Debt message to politicians

This is the discussion to link on the back of Martin's "A 500 word debt message to politicians" blog. Please read the blog first, as the discussion follows it.

Could you do with a Money Makeover?

Follow MSE on other Social Media:
MSE Facebook, MSE Twitter, MSE Deals Twitter, Instagram
Join the MSE Forum
Get the Free MoneySavingExpert Money Tips E-mail
Report inappropriate posts: click the report button
Point out a rate/product change
Flag a news story:


  • southernscouser
    southernscouser Posts: 33,745 Forumite
    First Post First Anniversary Combo Breaker
    Very good article as always Martin! :T

    But what the hell does 'transparency' mean? :confused: :rotfl:

    I always get the impression that politicians use it so people like me spend forever trying to work out what it means as opposed to listening to the lies and spiel they are spouting out! :p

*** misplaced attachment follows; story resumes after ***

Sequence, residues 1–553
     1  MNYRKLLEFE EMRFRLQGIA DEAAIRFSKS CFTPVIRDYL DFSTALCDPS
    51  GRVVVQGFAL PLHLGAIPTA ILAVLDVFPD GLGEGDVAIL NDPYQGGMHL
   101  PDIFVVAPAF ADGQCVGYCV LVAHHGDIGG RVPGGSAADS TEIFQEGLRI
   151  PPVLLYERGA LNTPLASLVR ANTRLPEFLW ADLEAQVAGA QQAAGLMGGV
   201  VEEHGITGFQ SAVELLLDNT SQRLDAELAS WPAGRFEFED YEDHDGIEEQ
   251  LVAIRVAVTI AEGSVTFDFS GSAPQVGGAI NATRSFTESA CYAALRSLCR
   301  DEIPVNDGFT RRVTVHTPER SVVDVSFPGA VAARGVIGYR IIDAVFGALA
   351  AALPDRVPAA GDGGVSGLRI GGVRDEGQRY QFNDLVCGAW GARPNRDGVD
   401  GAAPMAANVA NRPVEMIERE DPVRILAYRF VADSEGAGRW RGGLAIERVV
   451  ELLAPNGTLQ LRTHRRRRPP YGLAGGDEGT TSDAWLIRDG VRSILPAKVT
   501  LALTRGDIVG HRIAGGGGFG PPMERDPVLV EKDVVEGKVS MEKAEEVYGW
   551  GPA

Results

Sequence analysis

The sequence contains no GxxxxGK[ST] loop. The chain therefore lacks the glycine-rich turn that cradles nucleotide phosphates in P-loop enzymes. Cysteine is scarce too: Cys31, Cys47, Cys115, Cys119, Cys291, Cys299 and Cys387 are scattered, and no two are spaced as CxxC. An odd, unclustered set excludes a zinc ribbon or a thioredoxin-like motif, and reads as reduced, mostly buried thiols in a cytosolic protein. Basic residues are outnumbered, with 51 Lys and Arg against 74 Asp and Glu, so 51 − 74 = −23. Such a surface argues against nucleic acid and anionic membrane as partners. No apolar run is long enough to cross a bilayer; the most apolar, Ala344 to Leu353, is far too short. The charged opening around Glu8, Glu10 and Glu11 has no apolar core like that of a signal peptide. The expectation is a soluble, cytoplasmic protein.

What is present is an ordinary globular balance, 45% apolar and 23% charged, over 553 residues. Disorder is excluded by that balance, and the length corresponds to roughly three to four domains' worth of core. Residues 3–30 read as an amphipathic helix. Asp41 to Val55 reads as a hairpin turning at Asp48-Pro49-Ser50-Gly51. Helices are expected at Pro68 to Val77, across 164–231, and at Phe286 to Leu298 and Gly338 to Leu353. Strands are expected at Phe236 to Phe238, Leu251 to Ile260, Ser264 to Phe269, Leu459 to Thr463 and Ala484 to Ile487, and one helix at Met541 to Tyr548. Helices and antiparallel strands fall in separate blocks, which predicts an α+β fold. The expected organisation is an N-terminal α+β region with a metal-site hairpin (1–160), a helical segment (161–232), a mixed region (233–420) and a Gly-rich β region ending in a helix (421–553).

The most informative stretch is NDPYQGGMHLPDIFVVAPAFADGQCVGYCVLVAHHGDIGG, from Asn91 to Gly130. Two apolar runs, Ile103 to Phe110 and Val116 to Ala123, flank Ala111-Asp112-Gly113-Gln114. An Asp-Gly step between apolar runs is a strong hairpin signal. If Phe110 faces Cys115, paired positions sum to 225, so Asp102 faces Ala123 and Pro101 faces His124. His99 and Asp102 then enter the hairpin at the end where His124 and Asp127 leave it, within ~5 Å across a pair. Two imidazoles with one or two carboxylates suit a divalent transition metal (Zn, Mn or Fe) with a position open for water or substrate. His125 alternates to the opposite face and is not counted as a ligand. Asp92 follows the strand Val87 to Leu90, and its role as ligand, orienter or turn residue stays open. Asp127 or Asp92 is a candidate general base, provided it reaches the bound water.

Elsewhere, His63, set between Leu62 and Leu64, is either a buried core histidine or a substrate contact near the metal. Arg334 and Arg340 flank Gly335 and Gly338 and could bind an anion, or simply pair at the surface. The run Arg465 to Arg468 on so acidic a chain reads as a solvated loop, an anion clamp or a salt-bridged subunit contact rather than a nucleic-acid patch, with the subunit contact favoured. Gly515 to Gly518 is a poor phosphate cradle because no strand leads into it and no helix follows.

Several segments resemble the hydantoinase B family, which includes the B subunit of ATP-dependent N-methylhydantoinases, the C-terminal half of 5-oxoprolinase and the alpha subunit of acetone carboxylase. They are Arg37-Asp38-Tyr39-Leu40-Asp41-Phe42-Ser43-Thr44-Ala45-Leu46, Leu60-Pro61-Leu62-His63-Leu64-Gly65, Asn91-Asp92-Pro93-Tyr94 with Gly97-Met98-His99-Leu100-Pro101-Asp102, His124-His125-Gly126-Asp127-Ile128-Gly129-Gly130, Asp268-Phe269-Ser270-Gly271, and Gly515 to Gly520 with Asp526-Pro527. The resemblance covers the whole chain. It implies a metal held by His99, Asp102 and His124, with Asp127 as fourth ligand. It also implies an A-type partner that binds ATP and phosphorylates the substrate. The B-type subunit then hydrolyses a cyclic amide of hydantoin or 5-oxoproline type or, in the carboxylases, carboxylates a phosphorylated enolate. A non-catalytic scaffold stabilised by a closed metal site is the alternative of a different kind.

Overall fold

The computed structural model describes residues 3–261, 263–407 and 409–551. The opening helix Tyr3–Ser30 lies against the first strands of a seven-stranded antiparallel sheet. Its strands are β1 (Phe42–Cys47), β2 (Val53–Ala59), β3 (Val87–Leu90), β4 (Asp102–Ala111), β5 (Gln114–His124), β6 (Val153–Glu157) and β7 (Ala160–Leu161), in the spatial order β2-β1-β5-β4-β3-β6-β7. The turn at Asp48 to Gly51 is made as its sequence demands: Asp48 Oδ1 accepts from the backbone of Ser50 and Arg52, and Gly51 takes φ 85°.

• No real government money is going into schools to teach effective financial education (as opposed to hot air from politicians saying it is important).

    And the teachers themselves haven't got much of a clue if we are honest, even if money was provided and a curriculum produced.

    Is MSE after some government money to promote this vital service?
  • bunking_off
    bunking_off Posts: 1,264 Forumite
    Think that hits the nail on the head. It's always bemused me about the wide variety of things that kids are taught, yet seemingly we don't teach them the basics they need to survive adult what interest rates mean and the principles of compounding.